-- Skaht Hansen, pitchforkmedia.com
"(...) This release witnesses the band's already awe inspiring song writing skills played out to full fruition. Picture the best moments of Pink Floyd's epic songs combined with the gothic stylings of The Sisters of Mercy and you will have a pretty good idea of what this album sounds like. Notably, the vocals are much more subdued and brooding. The fire still burns within Carl's belly but the presentation is less harsh. Coupled with the music one is left with the impression of smoldering embers glowing in the twilight, occassionally bursting back to life and burning in full fury. There are only four songs on this album, broken into eight tracks (although the soon to be re-release will contain the "Psychonaut" single) yet it is a full album's worth of material, building to stunning crescendos and falling back again. "
-- Alex (aka clarkah), via amazon.com
1991: Earth Inferno (live)
"(...) Inferno, the Nephilim's final official release before their late 1991 breakup, captures songs from three separate 1990 shows, artfully combined in one powerful document. If the band never exactly performed a full set like this, then they definitely should have. Including three of the four main Elizium numbers in full versions -- "For Her Light," "Submission," and "Sumerland" -- Inferno also draws upon established past hits as "Preacher Man," "Moonchild," and "Psychonaut," plus album cuts "Love Under Will," "Last Exit for the Lost," and the concluding "Dawnrazor," made even more majestic and commanding than the studio version, if that's possible. (...) McCoy's wracked vocals are that of a man possessed, Nod Wright's huge drumming doesn't let up, Paul Wright and Yates' guitars know when to hold back and when to completely let loose, and Pettitt's bass provides the moody undertow for it all."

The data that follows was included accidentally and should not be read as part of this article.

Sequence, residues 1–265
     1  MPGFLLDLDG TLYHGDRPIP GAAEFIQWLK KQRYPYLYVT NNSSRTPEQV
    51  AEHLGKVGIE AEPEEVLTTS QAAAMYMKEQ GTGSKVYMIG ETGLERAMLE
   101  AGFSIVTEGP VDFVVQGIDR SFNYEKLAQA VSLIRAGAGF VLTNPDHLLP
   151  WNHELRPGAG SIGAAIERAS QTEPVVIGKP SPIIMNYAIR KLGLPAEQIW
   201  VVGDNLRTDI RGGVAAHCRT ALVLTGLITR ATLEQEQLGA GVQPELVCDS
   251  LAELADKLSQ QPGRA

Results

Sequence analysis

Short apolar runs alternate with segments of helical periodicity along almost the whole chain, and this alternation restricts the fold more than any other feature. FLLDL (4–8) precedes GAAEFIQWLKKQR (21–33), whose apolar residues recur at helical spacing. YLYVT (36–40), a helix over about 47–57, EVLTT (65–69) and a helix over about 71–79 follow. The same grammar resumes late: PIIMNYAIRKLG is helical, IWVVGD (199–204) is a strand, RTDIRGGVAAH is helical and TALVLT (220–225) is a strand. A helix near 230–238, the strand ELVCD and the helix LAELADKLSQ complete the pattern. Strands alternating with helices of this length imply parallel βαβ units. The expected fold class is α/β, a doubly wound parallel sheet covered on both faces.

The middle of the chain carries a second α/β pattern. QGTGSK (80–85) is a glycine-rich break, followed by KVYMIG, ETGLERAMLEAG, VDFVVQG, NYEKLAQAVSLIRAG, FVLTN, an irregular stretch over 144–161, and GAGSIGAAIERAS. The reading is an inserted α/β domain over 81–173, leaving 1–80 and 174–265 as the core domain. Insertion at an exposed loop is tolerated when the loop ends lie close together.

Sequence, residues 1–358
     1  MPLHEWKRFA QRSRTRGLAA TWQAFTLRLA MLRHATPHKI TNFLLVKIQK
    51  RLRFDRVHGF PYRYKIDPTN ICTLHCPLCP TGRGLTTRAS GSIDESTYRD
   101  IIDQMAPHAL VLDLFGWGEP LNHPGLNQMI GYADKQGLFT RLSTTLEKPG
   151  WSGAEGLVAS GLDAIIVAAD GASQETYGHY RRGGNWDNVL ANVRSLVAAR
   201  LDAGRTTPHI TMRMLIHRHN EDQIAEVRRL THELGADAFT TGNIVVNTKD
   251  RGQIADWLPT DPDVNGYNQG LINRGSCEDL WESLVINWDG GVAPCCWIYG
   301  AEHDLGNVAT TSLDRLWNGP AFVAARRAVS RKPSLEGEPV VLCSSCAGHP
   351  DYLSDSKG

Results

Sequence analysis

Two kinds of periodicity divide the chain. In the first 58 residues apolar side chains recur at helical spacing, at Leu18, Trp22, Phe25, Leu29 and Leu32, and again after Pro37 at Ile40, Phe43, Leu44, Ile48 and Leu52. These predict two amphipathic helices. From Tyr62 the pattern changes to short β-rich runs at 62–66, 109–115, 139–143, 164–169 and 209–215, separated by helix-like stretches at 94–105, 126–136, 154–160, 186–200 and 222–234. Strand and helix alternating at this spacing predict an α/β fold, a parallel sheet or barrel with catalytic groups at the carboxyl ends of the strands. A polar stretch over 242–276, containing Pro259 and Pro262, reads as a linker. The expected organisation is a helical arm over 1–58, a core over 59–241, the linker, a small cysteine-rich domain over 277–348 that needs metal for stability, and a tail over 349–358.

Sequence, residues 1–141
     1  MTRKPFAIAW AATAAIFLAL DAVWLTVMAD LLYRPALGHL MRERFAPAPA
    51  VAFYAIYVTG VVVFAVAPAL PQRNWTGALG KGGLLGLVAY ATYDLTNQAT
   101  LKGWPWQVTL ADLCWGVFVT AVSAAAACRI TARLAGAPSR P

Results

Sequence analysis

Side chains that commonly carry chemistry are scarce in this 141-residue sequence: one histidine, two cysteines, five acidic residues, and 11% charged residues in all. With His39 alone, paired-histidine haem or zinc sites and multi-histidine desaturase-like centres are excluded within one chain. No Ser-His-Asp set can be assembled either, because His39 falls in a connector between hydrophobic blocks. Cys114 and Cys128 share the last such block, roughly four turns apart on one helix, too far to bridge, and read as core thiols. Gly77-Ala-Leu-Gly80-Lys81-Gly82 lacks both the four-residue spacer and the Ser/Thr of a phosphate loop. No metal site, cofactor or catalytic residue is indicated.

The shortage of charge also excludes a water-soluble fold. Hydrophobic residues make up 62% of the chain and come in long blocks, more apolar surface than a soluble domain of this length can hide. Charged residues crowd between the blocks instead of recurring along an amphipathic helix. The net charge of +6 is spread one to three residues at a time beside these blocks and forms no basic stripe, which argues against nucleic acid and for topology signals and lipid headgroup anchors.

-- Ned Raggett, AMG
"(...) Fields of the Nephilim are the type of band a listener can be fully consumed by and Revelations does a masterful job of that. Haunting, hypnotic and beautiful, this compilation captures the band's best moments throughout the years. Whether you are a newcomer to the band or a longtime fanatic, Revelations is an excellent "best of" package that deserves all the praise one can heap upon the band."
-- John Chedsey, Chedsey.com, 9/00
2000: One More Nightmare (single)
"An intriguing hors-d'oeuvre to wet our appetite for more of the new reformed FotN. This EP includes reworks of Trees Come Down and Darkcell, taken from their debut EP 'Burning The Fields'. The sound is definately harder than the original versions with more grinding guitars...lets' hope that the upcoming album will not incorporate some of The Nefilim's death rock influences to what is considered today as one of the most influencial dark bands that ever walked this Earth Inferno!"
-- Said Sukkarieh, musicfolio.com, 11/00
2001: From Gehenna to Here
Track Listing: Trees Come Down - Back In Gehenna - Darkcell - Laura - Power - Laura 2 - Secrets - The Tower - Returning To Gehenna.
"The 'FROM GEHENNA TO HERE' album is compiled from their debut 12" EP 'Burning The Fields' issued in the UK in 1985 and their second release, the 'Returning To Gehenna' 12" EP issued in Italy in 1986. It is being released on the Italian Santeria label via Jungle, and comes in a regular jewel-box version, a limited digipak version with different artwork, and on vinyl. "
½ 2002: Fallen
Track Listing: 1-Dead To The World 2-From The Fire 3-Thirst 4-Darkcell AD 5-Subsanity 6-Hollow Doll 7-Fallen 8-Deeper 9-Premonition 10-One More Nightmare
"Almost four years after the doomed attempt to reunite the original Fields of the Nephilim quartet (McCoy/Petitt/Wright brothers), this controversial album is put together by Jungle Records and presented as the latest offering by the Fields of the Nephilim. With a total run time of 40min including the two songs released in 2000 on the 'One More Nightmare' single (Trees Come Down AD & Darkcell AD), 'Fallen' offers only 31min of previously unreleased material.